Cycle number and waveform of fluid flow affect bovine articular chondrocytes

Maximilian Edlich, Clare E Yellowley-genetos, Christopher R. Jacobs, Henry J. Donahue

Research output: Contribution to journalArticlepeer-review

11 Scopus citations


Many studies have shown that a loading-induced (bio)physical signal regulates chondrocyte behavior. In a recent study our group has demonstrated the shear stress level- and frequency-dependent effect of sinusoidal oscillatory fluid flow on bovine articular chondrocyte (BAC) cytosolic calcium concentration ([Ca2+]i), neglecting the fact that chondrocytes are not likely to see these ideal waveform in vivo or in vitro. Furthermore, possible overload of articular cartilage or excessive shear stress in chondrocyte cultures are more likely to be of a short nature. Therefore, in this study we choose to investigate a saw-tooth waveform oscillating fluid flow at varying exposure times in comparison to the established sinusoidal oscillatory waveform. [Ca2+]i, as an early signaling molecule, was quantified using the fluorescent dye fura-2. BAC were exposed to 1 Hz sinusoidal or saw-tooth waveform oscillating fluid flow at 2.2 Pa flow rates in a parallel plate flow chamber for 8 different loading times. As little as 5 cycles of oscillatory fluid flow were sufficient to increase [Ca2+]i significantly over baseline. The number of responding cells could not be increased any further after a sufficient number of cycles (11), regardless of the waveform. Furthermore, a saw-tooth waveform appeared to be more stimulatory than regular sinusoidal oscillating flow at higher cycle numbers. BAC appear to be able to respond to these biophysical stimuli in a differentiated manner. This ability might give every single chondrocyte the capability to maintain its territory autonomously, since chondrocytes distributed in articular cartilage without the possibility to interact, e.g., via cell processes.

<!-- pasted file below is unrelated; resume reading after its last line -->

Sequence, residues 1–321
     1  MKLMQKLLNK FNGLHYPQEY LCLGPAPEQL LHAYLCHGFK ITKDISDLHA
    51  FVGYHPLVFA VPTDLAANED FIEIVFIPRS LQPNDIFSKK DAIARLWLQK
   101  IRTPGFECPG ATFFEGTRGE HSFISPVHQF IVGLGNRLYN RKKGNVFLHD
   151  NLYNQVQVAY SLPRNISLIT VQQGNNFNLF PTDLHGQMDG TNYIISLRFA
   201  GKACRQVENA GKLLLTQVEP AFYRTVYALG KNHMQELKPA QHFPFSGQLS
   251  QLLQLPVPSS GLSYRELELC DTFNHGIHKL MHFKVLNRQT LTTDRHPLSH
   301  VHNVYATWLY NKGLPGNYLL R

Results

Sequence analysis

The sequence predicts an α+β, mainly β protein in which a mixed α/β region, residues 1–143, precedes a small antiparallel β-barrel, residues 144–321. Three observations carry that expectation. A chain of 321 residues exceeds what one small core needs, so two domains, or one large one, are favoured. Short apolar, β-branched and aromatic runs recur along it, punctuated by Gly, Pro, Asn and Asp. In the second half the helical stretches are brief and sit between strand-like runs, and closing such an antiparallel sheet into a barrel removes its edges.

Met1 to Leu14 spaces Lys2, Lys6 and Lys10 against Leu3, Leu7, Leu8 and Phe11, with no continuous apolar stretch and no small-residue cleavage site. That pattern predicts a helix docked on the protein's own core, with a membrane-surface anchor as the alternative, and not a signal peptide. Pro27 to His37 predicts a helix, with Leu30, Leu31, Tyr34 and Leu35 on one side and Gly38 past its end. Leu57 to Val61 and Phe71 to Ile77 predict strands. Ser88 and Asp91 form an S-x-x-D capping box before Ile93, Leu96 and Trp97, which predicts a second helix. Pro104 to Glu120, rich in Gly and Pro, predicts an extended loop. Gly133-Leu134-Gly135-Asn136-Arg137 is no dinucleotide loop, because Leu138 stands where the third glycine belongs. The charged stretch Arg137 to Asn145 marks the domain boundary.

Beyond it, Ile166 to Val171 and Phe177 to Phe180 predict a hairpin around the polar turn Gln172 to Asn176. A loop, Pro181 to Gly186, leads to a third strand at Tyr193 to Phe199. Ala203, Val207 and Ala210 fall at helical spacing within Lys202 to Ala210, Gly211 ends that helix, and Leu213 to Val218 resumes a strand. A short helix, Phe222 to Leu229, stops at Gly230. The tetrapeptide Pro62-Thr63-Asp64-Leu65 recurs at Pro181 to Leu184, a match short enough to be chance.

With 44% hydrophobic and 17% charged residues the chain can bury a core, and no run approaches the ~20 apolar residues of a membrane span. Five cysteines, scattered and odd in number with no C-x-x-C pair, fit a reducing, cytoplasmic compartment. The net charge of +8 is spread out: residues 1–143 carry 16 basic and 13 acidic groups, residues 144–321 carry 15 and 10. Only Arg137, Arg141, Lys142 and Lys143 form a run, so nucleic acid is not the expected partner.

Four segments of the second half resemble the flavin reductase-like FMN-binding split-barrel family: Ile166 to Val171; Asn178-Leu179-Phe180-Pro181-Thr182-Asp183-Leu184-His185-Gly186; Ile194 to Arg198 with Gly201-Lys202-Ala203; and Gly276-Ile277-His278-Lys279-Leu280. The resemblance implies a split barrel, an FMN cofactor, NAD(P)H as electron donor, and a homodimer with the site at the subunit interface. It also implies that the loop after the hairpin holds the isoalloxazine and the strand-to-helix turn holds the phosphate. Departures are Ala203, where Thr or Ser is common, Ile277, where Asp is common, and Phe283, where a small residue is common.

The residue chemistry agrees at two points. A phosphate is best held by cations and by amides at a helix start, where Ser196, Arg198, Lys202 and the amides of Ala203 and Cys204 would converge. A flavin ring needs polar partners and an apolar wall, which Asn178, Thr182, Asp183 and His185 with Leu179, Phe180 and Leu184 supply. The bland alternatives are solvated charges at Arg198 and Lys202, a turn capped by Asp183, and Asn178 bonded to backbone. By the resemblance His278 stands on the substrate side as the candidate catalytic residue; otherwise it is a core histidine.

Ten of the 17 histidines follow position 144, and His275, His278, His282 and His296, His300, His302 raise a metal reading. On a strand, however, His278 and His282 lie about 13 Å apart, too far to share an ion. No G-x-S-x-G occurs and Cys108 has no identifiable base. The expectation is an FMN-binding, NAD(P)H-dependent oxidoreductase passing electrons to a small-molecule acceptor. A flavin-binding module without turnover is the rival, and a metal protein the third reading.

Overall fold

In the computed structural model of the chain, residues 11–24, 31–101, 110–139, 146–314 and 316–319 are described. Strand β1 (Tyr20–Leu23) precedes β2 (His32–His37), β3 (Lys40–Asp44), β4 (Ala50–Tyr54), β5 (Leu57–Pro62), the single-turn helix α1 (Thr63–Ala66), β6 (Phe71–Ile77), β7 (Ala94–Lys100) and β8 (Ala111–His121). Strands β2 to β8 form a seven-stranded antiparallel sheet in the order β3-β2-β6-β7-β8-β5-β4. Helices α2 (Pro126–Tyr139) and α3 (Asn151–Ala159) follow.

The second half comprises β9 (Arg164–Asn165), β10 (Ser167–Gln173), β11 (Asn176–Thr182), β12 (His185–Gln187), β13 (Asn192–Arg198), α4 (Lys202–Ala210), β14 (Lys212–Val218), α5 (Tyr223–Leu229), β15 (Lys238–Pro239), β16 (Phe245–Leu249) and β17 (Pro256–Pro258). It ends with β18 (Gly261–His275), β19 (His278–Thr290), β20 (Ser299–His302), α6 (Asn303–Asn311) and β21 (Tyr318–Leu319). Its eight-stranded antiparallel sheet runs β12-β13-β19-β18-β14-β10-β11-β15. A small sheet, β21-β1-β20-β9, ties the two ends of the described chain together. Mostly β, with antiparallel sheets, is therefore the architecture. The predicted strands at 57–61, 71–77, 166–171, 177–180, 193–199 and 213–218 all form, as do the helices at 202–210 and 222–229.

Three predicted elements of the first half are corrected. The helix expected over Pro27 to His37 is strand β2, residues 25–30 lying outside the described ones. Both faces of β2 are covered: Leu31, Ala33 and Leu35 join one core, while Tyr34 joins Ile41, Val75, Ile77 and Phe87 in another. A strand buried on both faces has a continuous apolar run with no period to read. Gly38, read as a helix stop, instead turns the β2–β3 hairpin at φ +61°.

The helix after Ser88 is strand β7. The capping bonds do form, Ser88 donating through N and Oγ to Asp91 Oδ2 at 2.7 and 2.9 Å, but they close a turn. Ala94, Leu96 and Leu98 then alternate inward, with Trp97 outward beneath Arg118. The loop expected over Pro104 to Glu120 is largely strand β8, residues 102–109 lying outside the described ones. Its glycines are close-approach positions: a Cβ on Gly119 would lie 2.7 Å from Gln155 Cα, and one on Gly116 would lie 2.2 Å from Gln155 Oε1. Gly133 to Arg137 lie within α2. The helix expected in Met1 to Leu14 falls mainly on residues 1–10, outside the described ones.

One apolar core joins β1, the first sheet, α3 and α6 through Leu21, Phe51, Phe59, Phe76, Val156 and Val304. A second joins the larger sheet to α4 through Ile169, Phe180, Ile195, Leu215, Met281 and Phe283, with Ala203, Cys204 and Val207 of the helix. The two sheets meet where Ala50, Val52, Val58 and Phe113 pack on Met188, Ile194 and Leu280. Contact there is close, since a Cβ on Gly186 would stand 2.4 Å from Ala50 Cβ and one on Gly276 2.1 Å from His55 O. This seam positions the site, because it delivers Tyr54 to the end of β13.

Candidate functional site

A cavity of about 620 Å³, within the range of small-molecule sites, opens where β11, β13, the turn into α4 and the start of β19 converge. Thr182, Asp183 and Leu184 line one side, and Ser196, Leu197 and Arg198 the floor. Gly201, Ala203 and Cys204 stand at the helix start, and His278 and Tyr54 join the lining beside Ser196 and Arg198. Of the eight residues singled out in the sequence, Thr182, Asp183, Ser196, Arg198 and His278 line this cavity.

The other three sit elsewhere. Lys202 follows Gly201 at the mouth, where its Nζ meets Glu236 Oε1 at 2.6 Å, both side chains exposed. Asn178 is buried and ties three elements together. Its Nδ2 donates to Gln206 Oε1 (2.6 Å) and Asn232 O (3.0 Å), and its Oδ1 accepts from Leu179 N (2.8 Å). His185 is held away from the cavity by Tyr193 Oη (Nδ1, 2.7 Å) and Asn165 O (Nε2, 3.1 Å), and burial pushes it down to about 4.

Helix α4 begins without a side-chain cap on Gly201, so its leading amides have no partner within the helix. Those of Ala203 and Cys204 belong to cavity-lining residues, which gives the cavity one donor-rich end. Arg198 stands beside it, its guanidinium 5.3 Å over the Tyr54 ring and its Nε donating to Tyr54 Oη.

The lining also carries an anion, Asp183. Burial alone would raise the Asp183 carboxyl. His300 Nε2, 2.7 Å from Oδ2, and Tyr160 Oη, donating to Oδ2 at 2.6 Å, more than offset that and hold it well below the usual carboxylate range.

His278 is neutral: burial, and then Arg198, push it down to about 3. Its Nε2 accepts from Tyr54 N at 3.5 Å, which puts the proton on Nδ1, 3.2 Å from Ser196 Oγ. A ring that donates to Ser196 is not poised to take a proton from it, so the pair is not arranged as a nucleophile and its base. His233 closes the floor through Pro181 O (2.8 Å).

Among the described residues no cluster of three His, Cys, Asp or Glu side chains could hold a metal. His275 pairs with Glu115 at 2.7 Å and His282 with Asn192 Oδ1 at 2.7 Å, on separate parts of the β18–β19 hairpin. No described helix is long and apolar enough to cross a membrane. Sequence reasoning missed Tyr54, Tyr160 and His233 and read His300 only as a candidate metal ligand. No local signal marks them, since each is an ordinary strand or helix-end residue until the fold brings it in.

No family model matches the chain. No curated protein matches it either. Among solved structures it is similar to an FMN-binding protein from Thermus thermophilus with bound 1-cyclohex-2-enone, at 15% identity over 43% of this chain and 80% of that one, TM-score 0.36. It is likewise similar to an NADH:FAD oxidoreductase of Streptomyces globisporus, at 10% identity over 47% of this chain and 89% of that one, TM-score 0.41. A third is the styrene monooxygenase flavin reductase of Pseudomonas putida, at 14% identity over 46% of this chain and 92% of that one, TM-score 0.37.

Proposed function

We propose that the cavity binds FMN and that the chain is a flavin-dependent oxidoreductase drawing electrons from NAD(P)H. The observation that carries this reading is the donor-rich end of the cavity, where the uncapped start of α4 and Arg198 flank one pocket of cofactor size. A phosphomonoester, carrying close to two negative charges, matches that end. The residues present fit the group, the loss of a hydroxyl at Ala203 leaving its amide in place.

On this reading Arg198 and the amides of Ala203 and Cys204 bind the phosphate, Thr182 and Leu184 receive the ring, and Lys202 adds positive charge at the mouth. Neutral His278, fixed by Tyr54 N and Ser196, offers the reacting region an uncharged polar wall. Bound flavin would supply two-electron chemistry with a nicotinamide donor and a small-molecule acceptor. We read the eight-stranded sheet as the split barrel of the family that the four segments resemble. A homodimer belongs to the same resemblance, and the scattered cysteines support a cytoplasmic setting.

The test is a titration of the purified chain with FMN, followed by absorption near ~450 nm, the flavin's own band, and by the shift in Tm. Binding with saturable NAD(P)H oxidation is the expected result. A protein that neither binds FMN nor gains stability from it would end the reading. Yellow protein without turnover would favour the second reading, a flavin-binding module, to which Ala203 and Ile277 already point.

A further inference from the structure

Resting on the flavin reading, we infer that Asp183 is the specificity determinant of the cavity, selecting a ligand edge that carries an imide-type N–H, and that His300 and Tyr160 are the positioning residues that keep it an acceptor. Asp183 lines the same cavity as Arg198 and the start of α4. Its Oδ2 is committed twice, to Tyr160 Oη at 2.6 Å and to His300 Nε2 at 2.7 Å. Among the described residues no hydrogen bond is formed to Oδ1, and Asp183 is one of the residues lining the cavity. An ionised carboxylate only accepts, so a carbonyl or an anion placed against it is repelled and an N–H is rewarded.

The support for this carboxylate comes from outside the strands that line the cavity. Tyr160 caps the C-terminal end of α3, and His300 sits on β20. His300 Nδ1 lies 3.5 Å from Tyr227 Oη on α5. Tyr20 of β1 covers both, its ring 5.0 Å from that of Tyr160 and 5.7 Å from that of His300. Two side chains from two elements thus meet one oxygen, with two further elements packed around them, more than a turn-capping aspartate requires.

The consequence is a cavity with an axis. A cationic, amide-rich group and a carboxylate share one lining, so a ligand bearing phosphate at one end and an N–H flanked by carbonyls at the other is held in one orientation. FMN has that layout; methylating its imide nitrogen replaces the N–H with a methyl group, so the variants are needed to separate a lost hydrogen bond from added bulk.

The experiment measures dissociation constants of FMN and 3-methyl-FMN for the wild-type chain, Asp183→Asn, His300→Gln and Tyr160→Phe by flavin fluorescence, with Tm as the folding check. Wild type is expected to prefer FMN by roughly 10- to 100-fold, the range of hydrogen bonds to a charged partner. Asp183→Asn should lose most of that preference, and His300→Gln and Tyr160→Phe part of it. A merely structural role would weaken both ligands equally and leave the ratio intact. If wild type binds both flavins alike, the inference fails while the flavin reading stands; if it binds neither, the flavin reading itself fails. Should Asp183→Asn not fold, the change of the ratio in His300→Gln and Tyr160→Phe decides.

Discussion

Original languageEnglish (US)
Pages (from-to)315-322
Number of pages8
Issue number3-4
StatePublished - 2004
Externally publishedYes


  • Calcium
  • Chondrocytes
  • Fluid flow
  • In vitro
  • Mechanotransduction
  • Shear stress

ASJC Scopus subject areas

  • Medicine(all)


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